The producers (see page 8) selected F. Gary Grayto direct the film based on the strength of his previous work, which includes The Italian Job, The Negotiator, Be Cool and Set It Off. “We knew we wanted to work with him,” says Foster. “He continues to make really interesting movies. They’re all different in tone. What they have in common is complex characters. This movie required a very deliberate hand and he was the ideal filmmaker for this particular material.”
Since launching his career in the mid-1990s with the groundbreaking features Friday and Set It Off,Gray has developed a reputation as a director of great thoughtfulness and originality. “He’s very quiet,” says Foster. “But I could see the magic he was making. After watching the dailies, I was always amazed at the character development, and the visual development of the film. It was all in his brain from the beginning. He’s a master at what he does.”
Jamie Foxx has worked with some of Hollywood’s most acclaimed directors, including Oliver Stone, Sam Mendes and Michael Mann, but he had never done a film with Gray. The director remembers getting a phone call from Foxx that got the ball rolling.
“He called me and said, ‘I’m attached to this movie and I think you should get involved. It would be perfect for you,’” recalls Gray. “So I read the script and not only was it right up my alley, but I’ve wanted to work with Jamie for years and there couldn’t have been a more perfect project for us to start with.”
“Gary’s eye is incredible,” says Foxx. “Right off the bat, the movie looks epic because of the way he shot it, and not a lot of directors are able to do that. He’s able to work in larger-than-life proportions and make people want to give him the best they can on screen.”
Butler credits Gray’s passion for the project and non-stop energy for bringing the material to the screen under a great deal of pressure. “Gary came on board and gave life to the words on the page,” says Butler. “We had a great script, but the film is so much better. It’s exciting to look at. The drama comes across brilliantly and he got great performances from all the actors.”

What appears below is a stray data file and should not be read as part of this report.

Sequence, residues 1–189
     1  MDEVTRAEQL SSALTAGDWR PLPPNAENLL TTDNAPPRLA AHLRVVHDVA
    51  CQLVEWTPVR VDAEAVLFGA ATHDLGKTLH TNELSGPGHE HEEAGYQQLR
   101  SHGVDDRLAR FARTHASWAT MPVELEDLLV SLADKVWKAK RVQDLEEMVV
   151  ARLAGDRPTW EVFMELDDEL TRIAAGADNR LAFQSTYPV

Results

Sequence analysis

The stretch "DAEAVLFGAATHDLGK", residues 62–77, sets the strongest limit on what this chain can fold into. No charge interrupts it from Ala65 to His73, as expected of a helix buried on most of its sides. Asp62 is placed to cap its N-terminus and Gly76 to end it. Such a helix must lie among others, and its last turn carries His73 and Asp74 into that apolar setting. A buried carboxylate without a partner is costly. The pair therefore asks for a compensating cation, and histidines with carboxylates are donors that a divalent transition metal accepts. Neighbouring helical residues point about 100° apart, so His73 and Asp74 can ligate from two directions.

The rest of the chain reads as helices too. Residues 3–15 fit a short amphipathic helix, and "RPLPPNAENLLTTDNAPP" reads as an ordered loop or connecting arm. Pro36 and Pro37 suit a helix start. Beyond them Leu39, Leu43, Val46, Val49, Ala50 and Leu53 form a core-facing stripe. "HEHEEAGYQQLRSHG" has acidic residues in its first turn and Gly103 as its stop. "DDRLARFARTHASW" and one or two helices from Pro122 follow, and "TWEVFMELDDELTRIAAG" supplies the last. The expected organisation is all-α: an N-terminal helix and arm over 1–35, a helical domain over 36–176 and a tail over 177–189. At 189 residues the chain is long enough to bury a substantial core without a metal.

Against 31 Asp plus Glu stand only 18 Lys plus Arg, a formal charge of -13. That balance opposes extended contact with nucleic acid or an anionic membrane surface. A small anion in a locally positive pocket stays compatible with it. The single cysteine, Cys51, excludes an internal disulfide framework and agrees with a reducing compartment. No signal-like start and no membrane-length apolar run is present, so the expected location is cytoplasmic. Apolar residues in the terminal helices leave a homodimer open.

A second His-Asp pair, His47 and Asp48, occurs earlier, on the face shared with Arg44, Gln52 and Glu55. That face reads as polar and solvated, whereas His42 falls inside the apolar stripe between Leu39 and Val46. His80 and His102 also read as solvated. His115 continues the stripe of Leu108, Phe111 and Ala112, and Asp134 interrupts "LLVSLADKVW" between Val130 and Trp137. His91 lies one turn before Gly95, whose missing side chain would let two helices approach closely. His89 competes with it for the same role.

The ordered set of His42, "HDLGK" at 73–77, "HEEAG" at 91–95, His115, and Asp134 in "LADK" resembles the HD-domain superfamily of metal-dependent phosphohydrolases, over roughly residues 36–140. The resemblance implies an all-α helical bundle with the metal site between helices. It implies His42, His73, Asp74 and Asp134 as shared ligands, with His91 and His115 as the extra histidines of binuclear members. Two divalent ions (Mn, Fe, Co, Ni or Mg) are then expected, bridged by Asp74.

The idea of a man who takes an entire city hostage from behind bars set Gray’s imagination to working overtime. “How can someone in jail instill that much fear? I thought about Al Capone running his syndicate from jail. I love a cool gangster flick and I also love a great thriller.”
With the opportunity to work with two gifted actors sweetening the deal, the project was irresistible to him. “This movie doesn’t fit into a normal Hollywood formula,” the director points out. “Normally you have an antagonist and protagonist. You can pretty much predict who they are and what they’ll do. This is a chess game with a twist that you would never expect.
“Nick Rice, the D.A., is on the side of the law, but he can be a jerk,” says Gray. “Clyde has been horribly victimized. Throughout the course of the movie, you’re constantly switching allegiances, and depending on the scene, you’re not really sure who to root for.”
Gray calls Foster a hands-on producer. “He definitely wants to be heard,” laughs Gray. “You might think that it wouldn’t be a good idea to put two such strong personalities in a room together, but we had a perfect relationship.
“The best thing about him as a producer was that he knew when to pull the reins tight and he knew when to let them loose,” the director continues. “I respect that. He definitely had a lot great ideas, and he’s someone who is strong in that way, but also creative and caring. I want someone like that on my team.”
Gray says Law Abiding Citizen combines all the elements that keep him excited about filmmaking. “Every day, I woke up with tremendous excitement about the possibilities that awaited me on set,” he says. “With a script like that, with actors and producers who allowed me to open up the material and improvise a bit, I felt like I had an opportunity to create something extraordinary.”